NHTSA Probes Latest Autopilot-related Tesla Crash
Last Friday’s crash of a Model S in South Jordan, Utah will get the magnifying glass treatment from the National Highway Traffic Safety Administration. The agency announced Wednesday it will send a team of investigators to probe why the vehicle — which the admittedly distracted driver said was in Autopilot mode at the time of impact — collided with a stopped fire truck at 60 mph.
It’s the second NHTSA investigation of an Autopilot-related collision this year.
According to local police, witnesses claim the Model S did not attempt to brake as it approached the back of the fire truck, stopped at a traffic light. The 28-year-old driver reportedly suffered a broken foot in the crash.
At the time of the daylight collision, light rain was falling and the roadway was wet.
“NHTSA will take appropriate action based on its review,” the agency said Wednesday. While the NHTSA can order a recall if it uncovers a safety defect in the course of its probe, Tesla’s semi-autonomous driving system — which carries a warning for drivers to stay alert and keep their hands on the wheel — complicates the matter. Does a danger posed by misuse of a potentially fallible feature warrant a recall? We’ll have to wait and see.
At the very least, the public should know why the vehicle’s radar and camera combo didn’t recognize the approaching truck, or, if they did, why the vehicle didn’t take evasive action.
The NHTSA hasn’t yet released a preliminary report for the other recent incident — a March collision in Mountain View, California that claimed the life of an Apple employee. In the aftermath of that crash, Tesla and the National Transportation Safety Board found themselves at loggerheads. The feds later turfed Tesla from the investigation for publishing details of the crash.
A recent non-Autopilot-related crash of a Tesla Model S in Florida, which led to the deaths of two teens, is also the focus of an NHTSA probe.
Ever since the Mountain View crash, Musk and Tesla have doubled down on Autopilot safety claims, but the statistic used to illustrate the system’s life-saving abilities is attracting a growing list of detractors.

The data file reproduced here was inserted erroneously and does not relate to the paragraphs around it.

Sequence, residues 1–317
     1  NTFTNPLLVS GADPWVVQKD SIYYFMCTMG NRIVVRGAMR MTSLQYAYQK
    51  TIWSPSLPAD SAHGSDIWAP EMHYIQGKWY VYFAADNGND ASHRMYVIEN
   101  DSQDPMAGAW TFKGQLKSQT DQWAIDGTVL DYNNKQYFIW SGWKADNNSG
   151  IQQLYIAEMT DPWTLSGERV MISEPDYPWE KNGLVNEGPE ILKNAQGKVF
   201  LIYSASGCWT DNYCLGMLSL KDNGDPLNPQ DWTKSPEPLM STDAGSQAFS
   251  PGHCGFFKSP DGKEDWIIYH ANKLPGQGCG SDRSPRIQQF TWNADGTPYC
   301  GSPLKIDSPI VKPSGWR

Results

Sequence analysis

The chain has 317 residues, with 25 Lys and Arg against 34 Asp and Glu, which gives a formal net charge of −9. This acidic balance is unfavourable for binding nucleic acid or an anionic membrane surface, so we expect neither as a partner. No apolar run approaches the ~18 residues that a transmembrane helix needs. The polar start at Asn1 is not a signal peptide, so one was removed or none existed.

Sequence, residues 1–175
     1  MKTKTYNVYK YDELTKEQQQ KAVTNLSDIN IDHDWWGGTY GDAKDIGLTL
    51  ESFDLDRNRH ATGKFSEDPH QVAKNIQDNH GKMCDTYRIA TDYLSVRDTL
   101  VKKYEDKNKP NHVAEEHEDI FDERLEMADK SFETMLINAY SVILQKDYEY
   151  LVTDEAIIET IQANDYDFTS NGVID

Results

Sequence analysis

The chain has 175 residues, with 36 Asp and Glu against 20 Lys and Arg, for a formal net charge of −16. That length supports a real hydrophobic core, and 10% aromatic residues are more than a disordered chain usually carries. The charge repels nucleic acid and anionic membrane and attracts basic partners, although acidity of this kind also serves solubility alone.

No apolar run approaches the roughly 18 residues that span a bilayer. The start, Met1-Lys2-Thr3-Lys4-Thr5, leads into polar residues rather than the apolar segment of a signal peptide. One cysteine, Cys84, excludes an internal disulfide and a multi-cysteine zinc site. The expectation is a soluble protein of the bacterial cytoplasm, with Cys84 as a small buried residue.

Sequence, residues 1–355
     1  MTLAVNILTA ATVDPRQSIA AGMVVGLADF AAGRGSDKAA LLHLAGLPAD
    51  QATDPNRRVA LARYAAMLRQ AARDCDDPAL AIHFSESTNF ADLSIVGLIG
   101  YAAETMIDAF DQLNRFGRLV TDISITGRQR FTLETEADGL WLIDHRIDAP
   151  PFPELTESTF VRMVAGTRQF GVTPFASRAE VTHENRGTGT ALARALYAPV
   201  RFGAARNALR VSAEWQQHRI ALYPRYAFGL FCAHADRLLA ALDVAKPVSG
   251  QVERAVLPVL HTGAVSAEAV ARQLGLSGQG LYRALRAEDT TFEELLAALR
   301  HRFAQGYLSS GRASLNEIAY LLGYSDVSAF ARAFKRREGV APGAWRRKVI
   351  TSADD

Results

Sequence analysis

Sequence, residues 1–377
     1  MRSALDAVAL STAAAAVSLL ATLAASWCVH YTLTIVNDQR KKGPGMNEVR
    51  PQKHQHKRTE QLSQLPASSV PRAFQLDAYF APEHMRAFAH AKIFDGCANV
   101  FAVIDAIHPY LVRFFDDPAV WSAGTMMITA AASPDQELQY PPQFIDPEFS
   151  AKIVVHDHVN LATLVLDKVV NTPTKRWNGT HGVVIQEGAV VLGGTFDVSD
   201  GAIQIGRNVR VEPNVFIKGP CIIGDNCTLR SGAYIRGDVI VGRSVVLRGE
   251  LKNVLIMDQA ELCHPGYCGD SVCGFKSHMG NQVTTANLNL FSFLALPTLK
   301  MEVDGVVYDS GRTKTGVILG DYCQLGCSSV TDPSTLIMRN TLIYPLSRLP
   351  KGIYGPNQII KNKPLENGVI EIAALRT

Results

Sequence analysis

[Source: Automotive News] [Image: Tesla]
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- Probert For around $15 you can have a professional check important safety areas - seems like a bargain. It pointed to a rear brake problem on my motorcycle. It has probably saved a lot of lives. But, like going to a dentist, no-one could say it is something they look forward to. (Well maybe a few - it takes all kinds...)
- VoGhost ICE is so dangerous.
- Akear Back as early as 2014 Ford was building some pretty decent vehicles. The Ford Fusion was getting good reviews and selling around 300,000 annually. The Mark MKZ was also the top selling US luxury car at the time in sales. My Ford Fusion is approaching the 200,000 mile mark, while current Fords blow gaskets at 40,000 miles.
- Kjhkjlhkjhkljh kljhjkhjklhkjh yes ; required with non-federal legal penalties for deliberate violation https://imageio.forbes.com/blogs-images/trevornace/files/2015/12/smog-surrounds-beijing-1200x899.jpg?format=jpg&width=1200
- 28-Cars-Later "Honda and Acura haven’t yet released an EV in the United States"Ok..."The 2024 ZDX rides on GM’s Ultium Platform and will feature Google built-in services. "Waht?
This just in: Tesla technicians recovered data from the vehicle and found that the driver repeatedly cancelled and then re-engaged features of Autopilot. The vehicle registered more than a dozen instances of her hands being off the steering wheel in this drive cycle, according data retrieved by Tesla technicians. On two such occasions, she had her hands off the wheel for more than one minute each time and her hands came back on only after a visual alert. Are you Fing kidding me! Time to recall these car and disable this feature. This Bimbo put so many lives in danger, and Musk every time he open his piehole only emboldens his kool aid drinkers.
This could be about 99.99% of Tesla drivers. When on autopilot, vast majority do not touch the wheel. Besides, I really doubt Tesla can detect fingers touching the wheel. They can only detect WEIGHT on the wheel. I know because I deal with this every day driving my Tesla. Well then I guess you are a very lucky guy that it wasn't you wife and kids in that cross walk instead of that HUGE fire truck.